Processing, Part 1

Let's say that you decide to take everything into your own hands and grow your own coffee beans. You put in the effort of planting the trees, caring for them and waiting a few years, and finally you have some beautiful bright red coffee cherries. As proud as you are, now you must be wondering, how exactly do I turn these into coffee beans?

I bet if you just squeeze hard enough you’ll get coffee, right?
(Photo by skinnydiver is licensed under CC BY-SA 2.0)
Processing, which is removing everything but the sweet bean within, is an important, and sometimes overlooked part of the journey of coffee. There are a few main ways to go about it, and slight variations on them, some of which are associated with different growing regions, but as craft coffee becomes more prevalent this is changing.

Washed coffee is by far the most common processing method. It's consistent, risk free, and produces a clean cup with more crisp and simple flavors. Think of it as the safe sedan of the coffee world. For many people, this is the only type of coffee they've tasted. In washed processing, the cherries are thrown into a machine that removes the fruit,and then the mucilage, or the sticky scraps around the bean, is removed partially by bristles and then finished by fermentation in tanks of water.  The result is a coffee with a clean mouthfeel and clear flavor.
Cherry Pulper (Photo by Coffee Management is licensed under CC BY 2.0)

On the other end of the spectrum is the natural process, which was the first method used. Because it’s simpler than the washed process, it has been common in areas that can't necessarily afford all of the equipment required for washed coffee. All that must be done is pick the ripe cherries and then place them out in the sun until they're dried, like fantastic caffeinated grapes. The coffee is hulled, and voila, naturally processed coffee! The sugars of the cherry and mucilage give coffees processed this way a sweet and rich fruity flavor (like our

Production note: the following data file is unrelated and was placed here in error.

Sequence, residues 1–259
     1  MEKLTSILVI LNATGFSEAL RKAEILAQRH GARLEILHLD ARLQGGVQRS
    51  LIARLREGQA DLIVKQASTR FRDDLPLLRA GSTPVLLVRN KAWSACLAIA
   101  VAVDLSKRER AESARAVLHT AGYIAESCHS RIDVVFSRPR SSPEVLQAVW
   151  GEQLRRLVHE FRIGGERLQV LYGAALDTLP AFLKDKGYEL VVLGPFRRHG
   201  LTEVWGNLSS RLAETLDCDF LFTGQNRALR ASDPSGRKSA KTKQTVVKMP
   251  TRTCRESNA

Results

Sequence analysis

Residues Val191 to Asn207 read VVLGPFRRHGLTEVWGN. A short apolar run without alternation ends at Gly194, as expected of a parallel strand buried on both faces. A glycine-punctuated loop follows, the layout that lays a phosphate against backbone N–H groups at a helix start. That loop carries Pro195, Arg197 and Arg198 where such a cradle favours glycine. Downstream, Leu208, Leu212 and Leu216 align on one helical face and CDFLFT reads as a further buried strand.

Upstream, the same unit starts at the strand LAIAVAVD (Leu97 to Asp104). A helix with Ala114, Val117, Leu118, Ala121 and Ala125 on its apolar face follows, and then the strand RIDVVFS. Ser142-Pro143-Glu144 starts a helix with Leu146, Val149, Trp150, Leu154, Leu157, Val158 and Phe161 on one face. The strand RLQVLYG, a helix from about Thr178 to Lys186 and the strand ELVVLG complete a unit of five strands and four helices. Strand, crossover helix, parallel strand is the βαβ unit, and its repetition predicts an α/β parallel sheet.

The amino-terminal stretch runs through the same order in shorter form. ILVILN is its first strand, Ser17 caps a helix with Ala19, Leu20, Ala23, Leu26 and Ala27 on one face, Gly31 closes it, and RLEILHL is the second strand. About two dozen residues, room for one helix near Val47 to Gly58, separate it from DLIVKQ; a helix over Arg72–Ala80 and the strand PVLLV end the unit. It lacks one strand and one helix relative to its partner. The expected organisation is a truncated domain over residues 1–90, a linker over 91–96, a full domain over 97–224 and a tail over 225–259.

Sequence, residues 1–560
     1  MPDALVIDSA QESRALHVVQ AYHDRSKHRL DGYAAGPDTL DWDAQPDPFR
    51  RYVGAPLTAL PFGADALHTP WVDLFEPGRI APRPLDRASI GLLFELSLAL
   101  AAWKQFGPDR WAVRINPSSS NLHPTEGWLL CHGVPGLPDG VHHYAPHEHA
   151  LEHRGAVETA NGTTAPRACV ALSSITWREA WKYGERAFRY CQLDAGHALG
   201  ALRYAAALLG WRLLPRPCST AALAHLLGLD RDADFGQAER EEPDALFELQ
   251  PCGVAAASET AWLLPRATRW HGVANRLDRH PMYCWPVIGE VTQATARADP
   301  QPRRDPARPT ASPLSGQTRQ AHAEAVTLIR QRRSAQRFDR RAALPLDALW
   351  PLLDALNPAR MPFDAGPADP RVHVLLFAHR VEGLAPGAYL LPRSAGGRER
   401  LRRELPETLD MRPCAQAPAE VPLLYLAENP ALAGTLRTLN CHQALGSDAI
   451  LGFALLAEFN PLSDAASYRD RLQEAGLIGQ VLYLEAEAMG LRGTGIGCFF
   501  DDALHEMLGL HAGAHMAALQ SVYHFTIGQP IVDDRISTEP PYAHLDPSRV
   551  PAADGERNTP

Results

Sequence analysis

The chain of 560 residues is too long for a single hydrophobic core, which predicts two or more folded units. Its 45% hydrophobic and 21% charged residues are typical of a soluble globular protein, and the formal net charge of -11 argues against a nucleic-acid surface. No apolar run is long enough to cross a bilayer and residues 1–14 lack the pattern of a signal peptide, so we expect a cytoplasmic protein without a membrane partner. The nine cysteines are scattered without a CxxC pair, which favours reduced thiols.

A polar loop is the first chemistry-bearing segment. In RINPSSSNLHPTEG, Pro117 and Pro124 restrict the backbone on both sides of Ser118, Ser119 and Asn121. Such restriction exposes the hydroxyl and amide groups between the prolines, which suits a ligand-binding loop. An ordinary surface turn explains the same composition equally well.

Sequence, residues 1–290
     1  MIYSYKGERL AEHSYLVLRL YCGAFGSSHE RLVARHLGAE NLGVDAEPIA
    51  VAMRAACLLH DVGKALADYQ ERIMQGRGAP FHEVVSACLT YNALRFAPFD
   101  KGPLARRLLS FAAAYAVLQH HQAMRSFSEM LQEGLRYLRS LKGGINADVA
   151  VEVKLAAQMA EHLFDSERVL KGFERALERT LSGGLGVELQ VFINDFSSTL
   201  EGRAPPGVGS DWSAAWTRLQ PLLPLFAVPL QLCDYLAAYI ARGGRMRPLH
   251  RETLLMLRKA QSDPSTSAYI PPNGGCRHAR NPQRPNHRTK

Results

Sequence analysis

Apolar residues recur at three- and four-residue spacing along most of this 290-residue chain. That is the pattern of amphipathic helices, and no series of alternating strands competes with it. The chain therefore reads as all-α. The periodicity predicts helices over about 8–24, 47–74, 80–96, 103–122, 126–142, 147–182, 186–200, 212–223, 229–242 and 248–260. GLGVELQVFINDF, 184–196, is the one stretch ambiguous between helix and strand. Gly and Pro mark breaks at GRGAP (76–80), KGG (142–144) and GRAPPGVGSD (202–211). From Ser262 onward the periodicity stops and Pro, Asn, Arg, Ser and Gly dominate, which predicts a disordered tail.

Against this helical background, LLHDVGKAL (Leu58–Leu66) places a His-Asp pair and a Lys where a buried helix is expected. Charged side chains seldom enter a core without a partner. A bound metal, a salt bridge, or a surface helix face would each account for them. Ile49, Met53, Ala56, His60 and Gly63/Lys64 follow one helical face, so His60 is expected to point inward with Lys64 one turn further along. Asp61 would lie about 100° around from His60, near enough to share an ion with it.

Brazillian Mogiana). Why is the process uncommon if it's cheap and makes a uniquely delicious cup? It's somewhat of a gamble. Even assuming the weather agrees, there's such a variation in the fermentation that happens naturally that it's guaranteed that there is going to be a lot of inconsistencies within the same batch of coffee, and (unfortunately) at least a little rotting. It's not exactly like playing Russian roulette, but it's a gamble that means decently consistent natural coffees command a high price on the market.

In between these two is semi-washed, also known honey process or pulped natural (it seems no one knows what to call it). Like washed coffee, the cherry is removed from the seed, but the mucilage is left on, so that, like natural coffee, they can be left to dry in the sun or on drying beds. They retain some of the sweetness and mouthfeel of natural coffee, but are a little more refined and a little more stable.

Too much information for you? Relax by looking at these puppies in coffee cups. Next time when we finish talking about processing.

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